Known: Slow Fashion October

It’s the last week of Slow Fashion October and this weeks theme is Known.  Slow fashion to me is about designing and crafting a better life for myself and my family. It’s about creating thoughtfully and carefully. Quality over Quantity. Sourcing has always been the biggest challenge in my home sewing.  How to satisfy my craving to make all the clothes without hurting the environment.

Week 5, October 26-31: KNOWN
favorite sustainable resources / “local” / traceable fabric and yarn origins / traceable garment origins / reference books, films, videos

My Eco sewing tips:

  • use organic and sustainable fabrics and notions- my favorites are Hemp, Flax/Linen, Ahisma (aka Peace) Silk, Organic Cotton and Tencel.
  • reuse and recycle old clothing and textiles-Goodwill and Thrift stores are fabulous sources of material.  Think outside the box and look for bedding and drapes for extra yardage. Sheets are awesome for making a muslin!
  • mend and repair- sashiko stitching looks beautiful and extends the life of garments
  • keep it local-for me that’s made in the US since I live in Florida. 
  • Fair Trade-when I can’t source locally, I opt for fair trade. Some fabrics, like hemp (not grown the US) or silks, aren’t readily available.  In this case  try to make sure those making my fabrics are earning a fair wage.
  • ethical production- it’s so important that workers are treated humanely and child labor is nonexistent.
  • avoid chemical dyes, use natural plant based dyes!
  • look for GOTS certification to ensure fabric is low impact and non-toxic.

Fabric Sources:

Organic Cottons Plus-  My go to source for organic and sustainable fabrics.  They have a wide selection of fabrics, GOTS Certified and Fair Trade, as well as fiber, batting, thread and other sewing supplies.  They  have the most complete transparency on sourcing I’ve seen so far in an online source.  Read more about their company here.

Honey Be Good- eco-friendly fabric carefully selected from textile artisans and manufacturers large and small. They also carry extremely popular, and hard-to-find, eco-friendly and organic cotton batting, stuffing, buttons and sewing thread. Family owned and operated.

Anne George’s Fabric Treasury-   specializes in Fair Trade, Organic and Artisanal fine natural fabrics ethically made and sourced from India.  All fabrics and supplies are ethically made and sourced through artisanal cooperatives who ensure fair wage and work environments to their members.

Eden Fabrics-  deals exclusively in organically sourced or naturally grown materials. Cotton prints, organic knits, and numerous blends to fine offerings in hemp, linen, and soy, Eden selects products with the earthly integrity to match their softness and beauty.   I haven’t purchased from this shop yet but it looks great!

Simplifi Fabrics-modern and eco textiles + supplies from a small family operated business. Organic textiles and supplies sourced from around the world.  Also a great source for cloth diaper supplies.

Alabama Chanin- An amazing slow fashion lifestyle built around the concepts of expert craftsmanship, beauty, function, and utility. Focusing on using sustainable, organic, and local materials and labor committed to producing quality products made in the USA. Great source of organic jersey, sewing supplies, and patterns.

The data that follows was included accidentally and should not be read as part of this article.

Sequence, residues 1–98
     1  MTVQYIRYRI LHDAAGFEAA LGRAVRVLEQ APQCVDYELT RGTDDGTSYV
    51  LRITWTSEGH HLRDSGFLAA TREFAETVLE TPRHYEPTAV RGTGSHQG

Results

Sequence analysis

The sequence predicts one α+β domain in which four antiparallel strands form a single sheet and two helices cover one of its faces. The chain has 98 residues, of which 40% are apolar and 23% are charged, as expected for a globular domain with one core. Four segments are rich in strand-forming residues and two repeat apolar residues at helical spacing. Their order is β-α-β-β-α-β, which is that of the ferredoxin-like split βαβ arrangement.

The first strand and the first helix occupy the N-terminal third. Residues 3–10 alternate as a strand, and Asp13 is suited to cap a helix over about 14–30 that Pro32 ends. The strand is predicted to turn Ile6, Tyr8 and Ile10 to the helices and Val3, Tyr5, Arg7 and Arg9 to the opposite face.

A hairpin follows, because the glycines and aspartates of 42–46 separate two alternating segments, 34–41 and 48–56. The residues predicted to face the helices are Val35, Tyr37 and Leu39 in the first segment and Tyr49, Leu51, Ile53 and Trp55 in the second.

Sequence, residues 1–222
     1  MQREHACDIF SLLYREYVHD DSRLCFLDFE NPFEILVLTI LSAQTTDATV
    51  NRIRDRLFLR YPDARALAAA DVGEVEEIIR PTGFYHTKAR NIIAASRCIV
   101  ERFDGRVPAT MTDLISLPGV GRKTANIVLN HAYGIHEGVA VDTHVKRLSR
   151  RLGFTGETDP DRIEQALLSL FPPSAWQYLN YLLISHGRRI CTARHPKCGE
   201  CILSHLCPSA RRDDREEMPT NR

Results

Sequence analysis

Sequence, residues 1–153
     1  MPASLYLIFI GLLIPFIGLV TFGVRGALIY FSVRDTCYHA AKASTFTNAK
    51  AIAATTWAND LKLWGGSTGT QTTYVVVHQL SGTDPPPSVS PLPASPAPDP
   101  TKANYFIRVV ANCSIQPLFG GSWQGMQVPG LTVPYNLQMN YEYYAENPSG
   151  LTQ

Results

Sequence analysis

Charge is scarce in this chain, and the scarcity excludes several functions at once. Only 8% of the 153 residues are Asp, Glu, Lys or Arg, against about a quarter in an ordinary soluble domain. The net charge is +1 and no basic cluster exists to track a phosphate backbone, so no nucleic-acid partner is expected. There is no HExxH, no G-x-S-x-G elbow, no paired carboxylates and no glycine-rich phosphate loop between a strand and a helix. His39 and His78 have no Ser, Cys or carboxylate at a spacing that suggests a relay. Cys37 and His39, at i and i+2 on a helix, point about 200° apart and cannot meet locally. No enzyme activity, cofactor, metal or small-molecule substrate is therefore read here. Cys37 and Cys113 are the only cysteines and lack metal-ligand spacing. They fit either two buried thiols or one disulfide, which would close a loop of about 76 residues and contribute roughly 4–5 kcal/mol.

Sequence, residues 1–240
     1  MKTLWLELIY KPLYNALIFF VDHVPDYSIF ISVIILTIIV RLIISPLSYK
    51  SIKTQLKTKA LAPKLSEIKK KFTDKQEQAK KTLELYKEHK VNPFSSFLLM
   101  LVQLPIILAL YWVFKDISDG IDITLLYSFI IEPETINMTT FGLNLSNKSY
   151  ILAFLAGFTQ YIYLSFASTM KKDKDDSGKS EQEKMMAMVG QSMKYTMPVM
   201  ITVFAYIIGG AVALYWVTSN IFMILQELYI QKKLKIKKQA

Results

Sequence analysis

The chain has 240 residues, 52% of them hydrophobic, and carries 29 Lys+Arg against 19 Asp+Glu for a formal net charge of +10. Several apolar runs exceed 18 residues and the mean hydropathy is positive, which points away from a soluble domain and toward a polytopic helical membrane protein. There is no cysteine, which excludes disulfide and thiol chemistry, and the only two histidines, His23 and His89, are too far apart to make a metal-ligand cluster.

Natural Dyes:

Botanical Colors and Noon Design Studios (check out their indigo dye kits!) and Maiwa are my go to sources as well as my local farmer’s markets (we have tons here in SWFL especially during season)and the supermarket for organic plant/vegetable dyeing.



Slow Fashion October-Hand dyed and Knitted sweater, Sew Pomona

I also completed my slow project for the month- a hand-dyed knitted cropped sweater!  I had to modify and frog quite a bit to get this to work.  The neckline and hem were tightened considerably when I realized the sweater(in Medium) was way too large and I knit the sleeves in a size Small. Sizing on knitting patterns always seems to be my downfall.

It was so nice to get back into knitting-this is one of my first projects since having my kids.  I’m itching to start another project already!  Knitting is so relaxing and now that I don’t have babes in arms I can work on my knitting wherever I am.  I’ll post more about the entire project from sourcing, to dyeing and knitting soon.  Happy Sewing!

6 thoughts on “Known: Slow Fashion October”

  1. Hi Rebecca,
    Great post, shame I live on the other side of the world as those US suppliers sound great. I had never heard of slow fashion october – it’s slow fashion every month in my house! I like your list of ethical sewing, I try to do the same thing; the only new things I buy are socks and bras, basically. I make everything else for me or buy from op shops. And 99% of my fabric is sourced from op shops as well. I use sheets to make the final product as well as muslins. I also love to make undies out of old tshirts. The other tips I like is to use sashiko on mending. I loved how you used it on your jeans pockets too!

    1. Thanks Kath! I hadn’t heard of SFO until this year myself. It’s great to slow down and really think about our sewing habits. Glad to see others doing the same. The sashiko mending is my favorite tip-it’s so beautiful while being utilitarian. Thanks again! :)

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  3. Such great tips and resources!! I love your sweater too by the way, I’d love to read more about dyeing it yourself. I’d love to do something like that :)

    1. Thanks so much Jennifer! I’m hoping to share more about my knitted sweater in a week or two. It was such a great project to slow down to! :)

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